Hidden in Darkness
by Diane E Tatlock
I am here.
At the dank, doomed mine they pay money to see where I took my last steps two hundred years ago, to hear the tale for entertainment. A man recounts the story of that day.
I recall another’s voice.
‘Boy!’ The Big Man bellows and I run to take his orders. ‘Get below. Blasting powder will be used within the half hour. Tell them to get out. Half an hour!’
I bolt into the vast cavern. Past crouching men wiping their faces, covered in sand; past horses dragging huge blocks of smooth creamy stone destined to make the homes of important men beautiful, or bound to decorate the holy houses of God. My legs speed on. Even before my first shout I feel a terrible warning. The ground twists and shakes, shuddering beneath my feet. A roar like thunder. Then deafening carnage as cold stone crashes down.
He didn’t keep his word that day. The Master had become impatient for his reward. Couldn’t wait for limestone gold to be dug up; couldn’t wait for my warning to be given so fathers and sons could dash to safety. The echoes of those screams remain, as heavy as the rock pressing on my back.
I am hidden.
A shade of my real self, I am concealed behind a massive limestone column. Quarrymen once hacked such pillars, shaping the limestone with knowledge and skill. They lived in darkness, blank faces of rock their daily view.
I stare into the lonely gloom.
Those following the guide, hear of dead men’s lives and trace signatures formed long ago by labouring stone cutters. A lady, a child held close, steps forward, lifts her hand and smiles. I reach out with confused fingers, searching for contact; searching for reassurance of my once existence.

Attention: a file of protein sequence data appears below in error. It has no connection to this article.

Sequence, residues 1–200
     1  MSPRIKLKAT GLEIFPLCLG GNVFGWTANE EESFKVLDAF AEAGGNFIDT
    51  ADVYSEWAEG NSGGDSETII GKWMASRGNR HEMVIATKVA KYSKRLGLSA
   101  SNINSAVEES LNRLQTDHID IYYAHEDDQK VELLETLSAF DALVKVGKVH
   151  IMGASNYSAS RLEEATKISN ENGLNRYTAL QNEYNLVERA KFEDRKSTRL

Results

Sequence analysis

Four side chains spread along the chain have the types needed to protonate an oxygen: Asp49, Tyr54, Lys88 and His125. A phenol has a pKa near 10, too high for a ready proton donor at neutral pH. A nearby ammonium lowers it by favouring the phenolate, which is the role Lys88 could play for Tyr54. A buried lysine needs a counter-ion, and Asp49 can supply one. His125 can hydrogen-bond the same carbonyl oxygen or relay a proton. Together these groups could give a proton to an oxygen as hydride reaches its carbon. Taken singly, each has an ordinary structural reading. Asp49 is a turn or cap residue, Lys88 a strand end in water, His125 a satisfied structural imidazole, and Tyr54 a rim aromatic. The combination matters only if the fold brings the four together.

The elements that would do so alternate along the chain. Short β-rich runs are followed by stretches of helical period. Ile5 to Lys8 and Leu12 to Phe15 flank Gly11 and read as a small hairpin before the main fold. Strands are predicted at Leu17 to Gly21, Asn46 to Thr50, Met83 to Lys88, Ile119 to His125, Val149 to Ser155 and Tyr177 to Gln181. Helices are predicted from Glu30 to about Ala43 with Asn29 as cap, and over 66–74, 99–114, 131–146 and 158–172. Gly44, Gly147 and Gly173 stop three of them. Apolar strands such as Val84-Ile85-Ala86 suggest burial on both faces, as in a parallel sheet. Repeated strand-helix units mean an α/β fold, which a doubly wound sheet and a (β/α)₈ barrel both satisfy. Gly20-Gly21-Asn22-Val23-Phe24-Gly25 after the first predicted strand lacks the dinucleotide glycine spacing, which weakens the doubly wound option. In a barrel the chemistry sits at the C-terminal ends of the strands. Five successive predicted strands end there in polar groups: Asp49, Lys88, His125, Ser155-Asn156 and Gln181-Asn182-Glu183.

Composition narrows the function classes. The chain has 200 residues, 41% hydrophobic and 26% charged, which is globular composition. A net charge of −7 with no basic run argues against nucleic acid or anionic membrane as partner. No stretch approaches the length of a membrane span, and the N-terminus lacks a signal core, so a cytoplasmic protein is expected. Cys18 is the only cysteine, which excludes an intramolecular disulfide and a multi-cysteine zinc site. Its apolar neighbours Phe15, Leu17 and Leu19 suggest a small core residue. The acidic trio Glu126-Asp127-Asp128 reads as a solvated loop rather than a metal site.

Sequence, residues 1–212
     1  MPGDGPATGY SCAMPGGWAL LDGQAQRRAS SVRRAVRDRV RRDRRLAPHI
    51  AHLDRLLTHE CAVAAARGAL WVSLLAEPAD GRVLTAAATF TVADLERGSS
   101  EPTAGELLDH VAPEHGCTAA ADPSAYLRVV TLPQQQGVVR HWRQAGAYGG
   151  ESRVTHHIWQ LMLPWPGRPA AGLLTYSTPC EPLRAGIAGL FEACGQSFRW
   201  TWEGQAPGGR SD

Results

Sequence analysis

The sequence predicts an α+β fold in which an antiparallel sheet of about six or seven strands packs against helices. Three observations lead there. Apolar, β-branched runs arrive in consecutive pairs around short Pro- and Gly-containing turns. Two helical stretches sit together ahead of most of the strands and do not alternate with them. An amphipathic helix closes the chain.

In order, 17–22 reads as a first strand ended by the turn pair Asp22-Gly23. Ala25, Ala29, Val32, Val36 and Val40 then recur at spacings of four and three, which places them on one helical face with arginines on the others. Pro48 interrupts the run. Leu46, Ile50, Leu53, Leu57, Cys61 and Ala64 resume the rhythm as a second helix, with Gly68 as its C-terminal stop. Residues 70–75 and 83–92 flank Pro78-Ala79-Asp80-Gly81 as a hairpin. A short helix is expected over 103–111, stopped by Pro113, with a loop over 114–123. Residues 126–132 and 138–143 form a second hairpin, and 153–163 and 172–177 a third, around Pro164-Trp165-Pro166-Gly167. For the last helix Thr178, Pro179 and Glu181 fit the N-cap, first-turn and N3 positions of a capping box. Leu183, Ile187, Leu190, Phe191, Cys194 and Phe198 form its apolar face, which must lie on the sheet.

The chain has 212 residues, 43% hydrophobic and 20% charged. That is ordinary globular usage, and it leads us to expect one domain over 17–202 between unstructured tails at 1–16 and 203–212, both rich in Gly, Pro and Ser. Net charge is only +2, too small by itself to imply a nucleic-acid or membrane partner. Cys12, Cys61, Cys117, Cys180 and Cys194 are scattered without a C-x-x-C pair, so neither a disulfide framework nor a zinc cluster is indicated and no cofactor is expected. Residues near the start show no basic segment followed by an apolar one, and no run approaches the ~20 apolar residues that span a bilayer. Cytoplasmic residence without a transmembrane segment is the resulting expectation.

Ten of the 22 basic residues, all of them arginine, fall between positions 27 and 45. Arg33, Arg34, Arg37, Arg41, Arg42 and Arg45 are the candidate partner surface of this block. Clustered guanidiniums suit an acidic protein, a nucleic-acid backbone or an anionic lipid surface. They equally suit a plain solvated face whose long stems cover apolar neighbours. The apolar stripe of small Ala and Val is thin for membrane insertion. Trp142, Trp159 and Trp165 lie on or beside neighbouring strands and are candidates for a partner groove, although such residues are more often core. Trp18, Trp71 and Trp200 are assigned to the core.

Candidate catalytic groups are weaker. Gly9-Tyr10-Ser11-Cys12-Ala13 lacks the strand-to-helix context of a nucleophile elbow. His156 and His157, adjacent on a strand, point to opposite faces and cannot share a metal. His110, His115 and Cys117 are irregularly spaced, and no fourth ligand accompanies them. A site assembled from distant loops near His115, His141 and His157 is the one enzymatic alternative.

‘Who’s the little boy?’ I hear her ask the leader.
He looks puzzled. ‘There is no little boy, madam,’ is his reply. ‘Only shadows.’ He leads the group away. She gasps, jumps back. Clutching her son to her, she turns and hurries after them.
Forgotten. I feel myself becoming a fantasy. A dream.
I wait, huddled amongst the damp and dust, to see daylight again. I wait, my shattered corpse surrounded by the bones of others, lacking in substance. Hidden in darkness, I wait for a mother’s hand to take hold of me, to lead me across Beer’s beaches to the sea’s edge where sunshine sparkles in the foam.
Diane E Tatlock has a longstanding love of words and the English language. Upon retirement from a teaching career she studied with the OU and became interested in writing short stories and, in particular, flash fiction. Some success in entering competitions has maintained this interest and she does this for fun. She lives in Wiltshire with her husband.
Image of Beer Quarry Caves, cc-by-sa/2.0 © John Scott via geograph.org.uk/p/759405. (Image has been cropped.)